Today’s post comes courtesy of Dr. Sarah Prince, of Walden University. Together with Beth Nastachowski, MA, Dr. Prince is starting a new discussion group–the OWC email discussion list. Today’s post is about the OWC–stay tuned for part two, coming next week, about best practices for online centers!
The idea for the listserv grew out of a SIG we presented at the 2015 IWCA conference titled “Refocusing the Conversation: Creating Spaces for Online Writing Center Community, Support, and Discussion.” After talking through possibilities for community building during the SIG, many ideas were on the table—an annual conference and/or a possible affiliation group within IWCA (much like the current regional affiliations rooted in specific geographic locations). Post conference, to follow up with these ideas, we sent out a survey to all who attended the conference and others at the conference who signed up to receive more information. Based on the group’s voting, it was decided that we would initially start with a listserv, or discussion list, to promote communication about what centers are doing and how we could all better serve students in a fully-online capacity.
We hope that this listserv does in fact start as a building block that generates wider conversations about the state of current online writing centers, common issues among fully online centers, and possibilities for future collaboration among these centers. We would love to see our group gain the support and membership to work toward a separate affiliation under IWCA one day or even create an academic conference around issues specific to tutoring writing in a virtual environment.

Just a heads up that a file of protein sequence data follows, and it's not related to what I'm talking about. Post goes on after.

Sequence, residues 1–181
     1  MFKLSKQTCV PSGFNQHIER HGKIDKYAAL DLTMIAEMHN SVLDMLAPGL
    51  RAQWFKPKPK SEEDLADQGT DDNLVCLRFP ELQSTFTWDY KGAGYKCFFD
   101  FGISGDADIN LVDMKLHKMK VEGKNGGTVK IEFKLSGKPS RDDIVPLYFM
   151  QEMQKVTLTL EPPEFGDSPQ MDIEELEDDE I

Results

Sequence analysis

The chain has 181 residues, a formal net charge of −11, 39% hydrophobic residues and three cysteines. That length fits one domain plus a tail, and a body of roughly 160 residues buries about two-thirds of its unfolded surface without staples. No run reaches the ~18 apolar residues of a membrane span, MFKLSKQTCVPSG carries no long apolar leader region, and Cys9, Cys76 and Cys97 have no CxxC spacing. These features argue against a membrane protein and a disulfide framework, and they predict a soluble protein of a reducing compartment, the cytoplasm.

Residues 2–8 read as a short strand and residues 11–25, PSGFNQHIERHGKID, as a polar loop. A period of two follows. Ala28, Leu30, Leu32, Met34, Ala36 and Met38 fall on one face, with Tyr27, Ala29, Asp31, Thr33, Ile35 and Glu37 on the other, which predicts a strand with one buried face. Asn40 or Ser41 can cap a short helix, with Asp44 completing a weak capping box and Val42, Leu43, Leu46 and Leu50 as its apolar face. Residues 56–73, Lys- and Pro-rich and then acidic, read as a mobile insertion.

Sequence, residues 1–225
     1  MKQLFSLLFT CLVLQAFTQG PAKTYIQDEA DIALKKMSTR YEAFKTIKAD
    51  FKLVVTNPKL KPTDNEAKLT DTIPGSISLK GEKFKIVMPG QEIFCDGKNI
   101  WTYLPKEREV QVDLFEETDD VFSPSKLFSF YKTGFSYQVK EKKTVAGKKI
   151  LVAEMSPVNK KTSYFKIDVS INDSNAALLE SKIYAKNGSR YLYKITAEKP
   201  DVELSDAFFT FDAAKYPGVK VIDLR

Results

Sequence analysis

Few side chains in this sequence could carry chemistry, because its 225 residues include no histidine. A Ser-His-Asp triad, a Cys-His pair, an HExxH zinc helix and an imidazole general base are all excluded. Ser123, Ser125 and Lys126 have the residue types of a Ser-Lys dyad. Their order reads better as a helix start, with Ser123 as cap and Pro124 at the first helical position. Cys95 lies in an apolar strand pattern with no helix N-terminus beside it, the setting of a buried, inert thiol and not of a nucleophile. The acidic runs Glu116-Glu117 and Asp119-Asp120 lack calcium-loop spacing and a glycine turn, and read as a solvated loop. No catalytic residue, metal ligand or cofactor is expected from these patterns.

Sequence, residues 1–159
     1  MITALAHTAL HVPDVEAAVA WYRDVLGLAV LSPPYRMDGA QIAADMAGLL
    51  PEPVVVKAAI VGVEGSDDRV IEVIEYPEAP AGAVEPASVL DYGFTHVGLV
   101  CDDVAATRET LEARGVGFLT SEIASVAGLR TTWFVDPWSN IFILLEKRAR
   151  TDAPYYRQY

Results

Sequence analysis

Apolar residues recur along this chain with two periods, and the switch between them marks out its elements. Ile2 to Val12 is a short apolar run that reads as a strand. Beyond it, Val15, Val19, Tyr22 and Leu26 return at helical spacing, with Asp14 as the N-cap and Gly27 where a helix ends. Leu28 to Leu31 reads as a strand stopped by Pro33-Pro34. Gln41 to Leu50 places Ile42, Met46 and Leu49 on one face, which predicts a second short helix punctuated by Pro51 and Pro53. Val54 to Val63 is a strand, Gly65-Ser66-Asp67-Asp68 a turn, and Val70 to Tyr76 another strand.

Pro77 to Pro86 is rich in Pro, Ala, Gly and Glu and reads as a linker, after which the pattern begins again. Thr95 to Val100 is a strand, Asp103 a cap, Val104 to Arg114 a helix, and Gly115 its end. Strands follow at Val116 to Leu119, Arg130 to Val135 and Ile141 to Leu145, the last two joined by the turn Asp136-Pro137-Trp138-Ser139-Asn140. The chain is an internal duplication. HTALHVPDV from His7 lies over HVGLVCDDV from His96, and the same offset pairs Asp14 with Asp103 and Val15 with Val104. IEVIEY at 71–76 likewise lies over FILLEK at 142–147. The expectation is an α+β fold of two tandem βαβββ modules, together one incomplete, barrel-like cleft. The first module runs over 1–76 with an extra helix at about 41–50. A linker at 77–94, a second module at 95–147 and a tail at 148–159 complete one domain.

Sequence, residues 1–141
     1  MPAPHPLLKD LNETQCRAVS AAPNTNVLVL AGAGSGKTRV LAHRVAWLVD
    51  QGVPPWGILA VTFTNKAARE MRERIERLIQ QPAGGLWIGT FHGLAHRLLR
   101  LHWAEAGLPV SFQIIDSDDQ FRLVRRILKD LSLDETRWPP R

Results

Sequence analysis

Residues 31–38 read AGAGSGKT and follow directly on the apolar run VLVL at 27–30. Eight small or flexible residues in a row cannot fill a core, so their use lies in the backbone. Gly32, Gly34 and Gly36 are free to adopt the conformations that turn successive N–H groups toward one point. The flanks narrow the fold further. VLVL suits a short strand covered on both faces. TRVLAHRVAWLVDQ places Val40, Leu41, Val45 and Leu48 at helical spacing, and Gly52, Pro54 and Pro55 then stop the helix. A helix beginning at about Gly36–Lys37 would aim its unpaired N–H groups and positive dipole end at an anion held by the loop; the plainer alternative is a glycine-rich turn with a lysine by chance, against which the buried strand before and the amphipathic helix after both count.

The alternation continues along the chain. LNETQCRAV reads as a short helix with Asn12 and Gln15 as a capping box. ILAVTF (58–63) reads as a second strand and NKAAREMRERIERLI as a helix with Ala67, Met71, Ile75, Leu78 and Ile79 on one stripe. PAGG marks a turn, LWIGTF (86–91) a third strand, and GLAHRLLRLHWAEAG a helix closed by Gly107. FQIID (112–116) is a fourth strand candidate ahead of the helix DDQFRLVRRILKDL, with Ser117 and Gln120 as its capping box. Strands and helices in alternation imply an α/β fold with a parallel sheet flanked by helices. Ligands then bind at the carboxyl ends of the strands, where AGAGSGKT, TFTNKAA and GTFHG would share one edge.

We are advocating for further conversations among staff and tutors that serve students online, so we can, as a group, come up with best practices. Because such a community is still in its infancy, perhaps a better discussion would be how we’ve come to the practices that work for our center– through trial and error, gaps we perceived in our services, ideas for conveying information about writing in new ways, etc. In other words, we can talk about how we have a lot of this stuff, in part, because we don’t really have many discipline-wide best practices and, consequently, we’ve had to experiment. Our guess is that other centers are in the same boat, so we’d like to really advocate for a space where important discussions on innovation and new technologies can take place.
Some of the conversations we’d love to see started are as follows:
- What services/initiatives have other online centers have implemented?
- What services/software are useful? What has been successful? What has been a failure?
- What are challenges specific to online students and centers working to create successful writing relationships?
- How, specifically do Centers engage with English Language Learners and Multi-lingual students in a virtual writing environment?
- How do Writing Centers establish a sense of place and credibility in a virtual environment.
- How do virtual tutors/consultants/staff engage writers during asynchronous and synchronous virtual sessions?
- How do virtual tutors/consultants/staff engage differently with tone in online synchronous and asynchronous sessions?
- How has the notion of a fully online writing center turned the pedagogy behind Writing Centers on its head?
- What philosophies must be rewritten? Which ones still hold true?
…the questions and possible directions for conversation are really endless!
Eventually, we hope such discussions spark innovation and help us all to better serve the online, geographically diverse student population, which continues to grow across the country and abroad.